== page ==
Thou shalt eat every 3 hours
Thou shalt minimize starchy carbohydrate consumption
Sound familiar? These two nutritional rules have been preached by coaches and physique athletes practically since bodybuilding was born. Heck, I preach them all the time.
Before you freak out that everything you’ve ever been told about nutrition is a lie, let me preface. You can certainly build a very effective diet plan around these rules. Many a bodybuilder and figure competitor have won shows eating extremely low-carb diets with frequent feedings.
Here’s the thing though: more and more, smart coaches are finding out that you don’t necessarily have to eat this way to get lean. Turns out that a lot of the reasons people used to justify this classic style of eating turned out to be broscience – not really backed up the the research. Let’s break it down.
Eat Every Three Hours
Eating frequently has traditionally be supposed to help keep insulin levels stable, which results in less fat storage and fewer cravings. Similarly, frequent eating is also purported to “stoke the metabolic fire” to keep you burning more calories all day.
Turns out there really isn’t a measurable metabolic difference between eating 6 meals a day and eating fewer. Some people like eating a higher number of smaller meals; others prefer a few big meals. Stick with what works best for your lifestyle and preferences. As long as you’re eating the right things and the right amount, the number of meals you use isn’t all that important.
In a related movement, more and more folks are jumping on the “intermittent fasting,” a style of eating which leaves larger than normal periods of time with no eating. Some of the more popular schemes are:
- 16 hours of fasting followed by an 8 hour eating window (Leangains) – Generally with 3 meals eaten between 1 and 9 PM.
- 24 hour fast (Eat, Stop, Eat)
- 20 hour fast (Warrior Diet)
Proponents of IF point to the ease with which it creates a caloric deficit (duh, you aren’t eating) as well as the fact that sporadic fasting creates a nice boost in growth hormone, which is great for extra fat loss. It’s still newly popular, so the jury is out, but lots of people are finding success with IF, which only puts more doubt on the “eat every three hours” commandment.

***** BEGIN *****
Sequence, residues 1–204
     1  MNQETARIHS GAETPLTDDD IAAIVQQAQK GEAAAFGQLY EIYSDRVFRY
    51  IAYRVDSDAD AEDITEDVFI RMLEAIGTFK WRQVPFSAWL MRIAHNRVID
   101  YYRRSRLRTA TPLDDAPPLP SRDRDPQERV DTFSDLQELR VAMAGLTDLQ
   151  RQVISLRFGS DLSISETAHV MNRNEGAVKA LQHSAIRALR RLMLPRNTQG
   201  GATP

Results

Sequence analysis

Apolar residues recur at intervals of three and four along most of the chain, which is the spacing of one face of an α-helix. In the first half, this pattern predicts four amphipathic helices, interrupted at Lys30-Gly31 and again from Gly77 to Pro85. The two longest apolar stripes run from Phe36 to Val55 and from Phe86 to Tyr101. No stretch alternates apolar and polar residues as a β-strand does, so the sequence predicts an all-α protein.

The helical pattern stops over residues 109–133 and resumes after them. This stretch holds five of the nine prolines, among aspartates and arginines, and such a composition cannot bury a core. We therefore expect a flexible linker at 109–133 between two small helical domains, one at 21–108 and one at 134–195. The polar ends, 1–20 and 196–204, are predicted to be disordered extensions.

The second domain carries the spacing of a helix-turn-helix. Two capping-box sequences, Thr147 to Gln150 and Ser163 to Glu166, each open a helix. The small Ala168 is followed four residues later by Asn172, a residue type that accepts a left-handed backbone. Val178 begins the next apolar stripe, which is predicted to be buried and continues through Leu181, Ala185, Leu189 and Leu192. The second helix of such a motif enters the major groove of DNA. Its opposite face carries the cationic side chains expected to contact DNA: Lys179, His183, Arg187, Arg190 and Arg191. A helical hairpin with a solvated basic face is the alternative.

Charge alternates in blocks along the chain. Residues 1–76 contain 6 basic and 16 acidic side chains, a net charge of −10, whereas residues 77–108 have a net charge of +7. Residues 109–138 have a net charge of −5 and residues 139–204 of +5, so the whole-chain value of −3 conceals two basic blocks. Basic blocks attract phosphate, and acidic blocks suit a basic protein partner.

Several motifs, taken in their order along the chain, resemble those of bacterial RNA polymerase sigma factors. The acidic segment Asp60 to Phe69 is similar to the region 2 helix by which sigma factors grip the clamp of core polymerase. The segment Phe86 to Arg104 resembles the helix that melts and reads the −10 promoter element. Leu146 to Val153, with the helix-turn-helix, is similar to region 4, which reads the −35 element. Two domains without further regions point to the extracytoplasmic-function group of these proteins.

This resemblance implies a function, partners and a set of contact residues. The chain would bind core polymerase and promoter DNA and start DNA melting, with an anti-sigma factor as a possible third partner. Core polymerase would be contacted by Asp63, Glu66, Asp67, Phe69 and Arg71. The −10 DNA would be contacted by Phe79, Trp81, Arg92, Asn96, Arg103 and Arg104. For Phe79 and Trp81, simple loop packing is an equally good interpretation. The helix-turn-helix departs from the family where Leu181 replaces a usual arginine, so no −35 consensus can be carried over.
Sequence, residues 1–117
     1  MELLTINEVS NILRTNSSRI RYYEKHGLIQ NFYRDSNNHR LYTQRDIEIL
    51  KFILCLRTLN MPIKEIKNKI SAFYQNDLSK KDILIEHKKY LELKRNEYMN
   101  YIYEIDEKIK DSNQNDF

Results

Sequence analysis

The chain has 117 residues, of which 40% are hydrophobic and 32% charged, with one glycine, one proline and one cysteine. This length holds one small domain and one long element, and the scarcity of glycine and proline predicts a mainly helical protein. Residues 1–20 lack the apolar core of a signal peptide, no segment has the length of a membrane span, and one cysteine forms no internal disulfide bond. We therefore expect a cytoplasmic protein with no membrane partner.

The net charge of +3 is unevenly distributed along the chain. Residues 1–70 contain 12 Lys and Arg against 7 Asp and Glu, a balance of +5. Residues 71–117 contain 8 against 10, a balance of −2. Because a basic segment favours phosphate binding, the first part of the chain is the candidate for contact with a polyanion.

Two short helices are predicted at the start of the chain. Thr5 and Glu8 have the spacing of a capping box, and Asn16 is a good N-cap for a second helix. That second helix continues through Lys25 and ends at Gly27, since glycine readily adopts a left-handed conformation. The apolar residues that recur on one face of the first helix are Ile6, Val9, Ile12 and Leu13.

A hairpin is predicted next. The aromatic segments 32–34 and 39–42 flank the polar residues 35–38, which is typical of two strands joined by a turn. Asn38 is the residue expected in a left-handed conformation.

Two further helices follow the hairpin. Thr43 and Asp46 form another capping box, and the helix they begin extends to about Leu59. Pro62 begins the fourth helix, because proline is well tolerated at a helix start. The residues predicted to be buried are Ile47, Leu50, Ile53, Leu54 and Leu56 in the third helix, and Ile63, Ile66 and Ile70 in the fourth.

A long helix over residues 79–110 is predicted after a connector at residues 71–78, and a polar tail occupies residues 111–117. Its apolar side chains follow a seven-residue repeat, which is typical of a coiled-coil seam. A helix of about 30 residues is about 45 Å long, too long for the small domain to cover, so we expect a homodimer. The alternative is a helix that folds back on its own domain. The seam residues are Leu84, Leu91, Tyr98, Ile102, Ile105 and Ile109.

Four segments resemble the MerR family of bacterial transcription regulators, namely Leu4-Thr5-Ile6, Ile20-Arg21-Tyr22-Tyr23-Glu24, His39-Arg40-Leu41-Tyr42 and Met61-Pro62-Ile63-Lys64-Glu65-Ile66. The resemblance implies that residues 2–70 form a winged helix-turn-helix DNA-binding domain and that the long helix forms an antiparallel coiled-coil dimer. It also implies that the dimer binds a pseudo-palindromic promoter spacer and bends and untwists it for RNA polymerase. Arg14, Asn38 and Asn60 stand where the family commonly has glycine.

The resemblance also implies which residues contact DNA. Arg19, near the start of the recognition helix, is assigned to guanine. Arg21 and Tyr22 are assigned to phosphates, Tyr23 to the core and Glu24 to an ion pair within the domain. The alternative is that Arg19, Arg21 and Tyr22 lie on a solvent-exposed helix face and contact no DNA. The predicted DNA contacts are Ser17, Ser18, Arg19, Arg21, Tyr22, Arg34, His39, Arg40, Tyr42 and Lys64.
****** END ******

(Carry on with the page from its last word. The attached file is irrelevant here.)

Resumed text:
For more info on IF, check out these great resources:
- Leangains (the grandfather of IF)
- IF 101 and IF 201 by John Romaniello
- Precision Nutrition on IF (extremely detailed)
Minimize Starchy Carbohydrate Consumption
Let’s face it, the “eat every three hours” thing is basically dead after that beating. This one isn’t going to be that clean cut.
For a long time, most folks in the industry went by the “Good Calories, Bad Calories” insulin model described by Gary Taubes in his book of that name. I wrote an article on the basic concept here.
The idea, put extremely simply, is that eating starchy (potatoes, grains) or sugary carbs raised your insulin levels and insulin is a fat storage hormone, so it made you fat. Cut the carbs, cut the fatness. We call this the “Insulin Hypothesis.” Turns out it’s not that simple. There are a ton of metabolic pathways involved in body fat regulation, and simply tacking the blame for fatness on one hormone was a little premature.
Now, before you start loading up on pizza and pasta, I will point out that regardless of the pathways involved, a lot of people have gotten really lean using extremely low carb diets (remember Stephanie’s competition?). One alternate theory being proposed to the insulin hypothesis is the the “Food Reward Hypothesis,” which postulates that the “reward value” of your diet has more to do with body fatness than the specific macronutrient composition (amount of carbs, for instance).
What makes for high reward value, you ask? Research points to the following factors:
- Meatiness (glutamate)
- The absence of bitterness
- Certain textures (e.g., soft or liquid calories, crunchy foods)
- Certain aromas (e.g., esters found in many fruits)
- Calorie density (“heavy” food)
Interestingly, the food reward hypothesis has room in it for the effectiveness of low carb diets. Removing the starchy and sugary carbs from your diet removes or lessens 5 of those factors!
For more info on the food reward hypothesis, check out the great resources at Whole Health Source:
- The Case for the Food Reward Hypothesis of Obesity, Part I and Part 2
- Pretty much everything else he’s ever written over there
There’s still a lot of research to be done in the area, so right now I still recommend basically the same foods I always have to those looking to get lean. Lots of meat, veggies, and eggs. It fits both the hypotheses!
Is your mind blown?
If you’ve been in the fitness world for any amount of time, you might be feeling a little confused right now. That’s OK. Me too. The human body is a complicated thing, so it’s no surprise that the answers aren’t as straightforward as we though. Stick to your meat and veggies (that always works) – but feel free to mess with your meal frequency. Find the schedule that works best for you.